Steph Zech graduated from high school this spring with an admirable academic record. She especially loved chemistry, writing and literature — though she has some reservations about Dante. A bright and diligent student, she took two Advanced Placement classes her senior year, sailing through both.
But when it comes to math, Steph has struggled mightily. At age 17, she still counts on her fingers to add 3 and 5. She doesn’t know her multiplication tables. She can’t understand fractions, process concepts of time such as “quarter after” or read dice without counting the dots. She did recently figure out that if something costs 75 cents, the change from a dollar should be 25 cents. But when asked what the change would be if the price were 70 cents, she considers at length before venturing, “15 cents?”
There are many reasons for a bright student to be bad at math, including poor learning environments, attention disorders and anxiety. But Steph’s struggles typify a specific math learning disability known as developmental dyscalculia. “A lot of people say, ‘I’m not good at math’ because they couldn’t handle pre-calculus or something,” says cognitive neuroscientist Edward Hubbard of the University of Wisconsin-Madison. “People with dyscalculia struggle to tell you whether seven is more than five.”
Although dyscalculia, which affects about 6 percent of people, is about as common as the analogous reading disorder dyslexia, it is far less well-understood. According to one analysis, studies on reading disabilities outnumber those that look at math deficits by a ratio of 14 to 1. One reason for that disparity may be the belief that literacy is more important than numeracy. “People freely admit at dinner parties that they are poor at math, while few would admit that they are a poor reader,” notes cognitive neuroscientist Daniel Ansari of the University of Western Ontario.
From calculating restaurant tips to navigating investment decisions to following medication instructions, the ability to understand numbers is essential to functional living. In one study conducted in the U.K., researchers found that at age 30, people with low numeracy tended to have less education and were more likely to be unemployed, in trouble with the law, and mentally and physically sicker than others the same age.
But now, thanks to advances in brain imaging techniques and improved understanding of numerical cognition in general, new insights into the disorder have begun to emerge. Researchers have tracked dyscalculia to a fold in the back of the brain known as the intraparietal sulcus, or IPS. This area, they’ve learned, is crucial for perceiving and approximately comparing quantities — say, a group of dots on a page, or spades on a playing card. This core mental capacity, known as approximate number sense, is important for arithmetic and much higher-level math.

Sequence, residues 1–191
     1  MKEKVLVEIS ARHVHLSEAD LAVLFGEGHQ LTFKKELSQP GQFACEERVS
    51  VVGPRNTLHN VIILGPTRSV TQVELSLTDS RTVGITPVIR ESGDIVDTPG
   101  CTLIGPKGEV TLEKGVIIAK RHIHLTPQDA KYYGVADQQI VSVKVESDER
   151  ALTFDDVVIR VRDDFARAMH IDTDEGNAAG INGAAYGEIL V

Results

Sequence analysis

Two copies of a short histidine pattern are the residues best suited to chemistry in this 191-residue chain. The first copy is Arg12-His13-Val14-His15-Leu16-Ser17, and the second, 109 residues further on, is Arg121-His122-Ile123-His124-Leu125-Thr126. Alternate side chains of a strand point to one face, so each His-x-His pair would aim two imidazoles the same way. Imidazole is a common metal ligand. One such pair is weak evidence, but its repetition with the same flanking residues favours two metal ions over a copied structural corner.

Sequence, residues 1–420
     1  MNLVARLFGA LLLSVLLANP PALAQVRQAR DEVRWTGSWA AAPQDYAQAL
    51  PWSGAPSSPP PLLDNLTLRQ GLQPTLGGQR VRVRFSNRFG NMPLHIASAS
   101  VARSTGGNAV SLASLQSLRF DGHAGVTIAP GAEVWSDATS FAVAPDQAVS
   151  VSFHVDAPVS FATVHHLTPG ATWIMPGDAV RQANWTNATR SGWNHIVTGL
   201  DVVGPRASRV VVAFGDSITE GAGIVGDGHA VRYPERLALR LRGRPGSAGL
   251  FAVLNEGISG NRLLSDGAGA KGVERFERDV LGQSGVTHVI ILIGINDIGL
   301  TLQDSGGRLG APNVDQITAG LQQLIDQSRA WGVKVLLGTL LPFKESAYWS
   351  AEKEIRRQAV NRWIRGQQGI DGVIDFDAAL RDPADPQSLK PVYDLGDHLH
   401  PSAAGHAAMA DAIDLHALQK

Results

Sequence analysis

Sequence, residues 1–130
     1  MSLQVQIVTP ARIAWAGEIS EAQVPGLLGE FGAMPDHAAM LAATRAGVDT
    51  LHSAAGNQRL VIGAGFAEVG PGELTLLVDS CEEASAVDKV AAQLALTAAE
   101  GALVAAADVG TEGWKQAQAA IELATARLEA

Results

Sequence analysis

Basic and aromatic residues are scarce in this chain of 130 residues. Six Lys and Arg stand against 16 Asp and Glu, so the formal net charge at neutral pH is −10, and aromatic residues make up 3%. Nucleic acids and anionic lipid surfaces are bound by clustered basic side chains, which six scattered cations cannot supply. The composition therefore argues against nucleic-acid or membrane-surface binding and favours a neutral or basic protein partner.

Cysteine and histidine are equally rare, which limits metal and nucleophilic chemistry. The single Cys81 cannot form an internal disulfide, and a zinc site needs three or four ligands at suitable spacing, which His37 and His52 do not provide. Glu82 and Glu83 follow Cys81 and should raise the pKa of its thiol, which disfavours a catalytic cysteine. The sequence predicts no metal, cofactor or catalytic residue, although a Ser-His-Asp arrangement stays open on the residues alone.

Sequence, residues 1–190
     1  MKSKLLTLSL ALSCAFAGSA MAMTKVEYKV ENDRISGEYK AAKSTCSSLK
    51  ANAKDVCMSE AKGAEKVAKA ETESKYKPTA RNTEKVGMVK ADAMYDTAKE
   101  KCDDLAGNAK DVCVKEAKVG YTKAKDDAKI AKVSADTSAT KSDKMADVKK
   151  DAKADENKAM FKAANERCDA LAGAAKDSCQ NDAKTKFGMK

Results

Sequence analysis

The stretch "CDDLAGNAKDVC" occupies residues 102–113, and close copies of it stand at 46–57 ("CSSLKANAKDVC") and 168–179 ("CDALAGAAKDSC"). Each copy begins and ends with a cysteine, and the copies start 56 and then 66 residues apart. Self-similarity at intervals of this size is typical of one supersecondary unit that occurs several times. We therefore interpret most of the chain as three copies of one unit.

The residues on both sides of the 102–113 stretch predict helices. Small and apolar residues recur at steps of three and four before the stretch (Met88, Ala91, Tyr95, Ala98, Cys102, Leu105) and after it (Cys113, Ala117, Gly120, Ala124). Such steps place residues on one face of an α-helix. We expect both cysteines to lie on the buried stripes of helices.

New research “helps isolate the potential causes of dyscalculia and points to impairments in very basic number-processing abilities that can be measured before children enter formal schooling,” Ansari says. “This in turn can inform early diagnosis and intervention.”
Numbers Don’t Stick
Steph was in second grade when she decided she must be stupid. “We had those little one-minute math tests, and I would always be working till the last second, and everyone else would have [their papers] flipped over,” she says. “I felt extremely isolated.”
Teachers at her school in Wisconsin dismissed her troubles, concluding that because she did well in the rest of her schoolwork, she must have been lazy when it came to math. That assumption still hurts, because Steph knows better: For more than 10 years she and her mother, Susan, have spent countless hours hunched over math homework, trying to make the numbers stick in Steph’s brain. They’ve tried flashcards, computer games, videos, math songs, summer tutors … but “there’s nothing that has particularly helped” her truly understand, Steph says.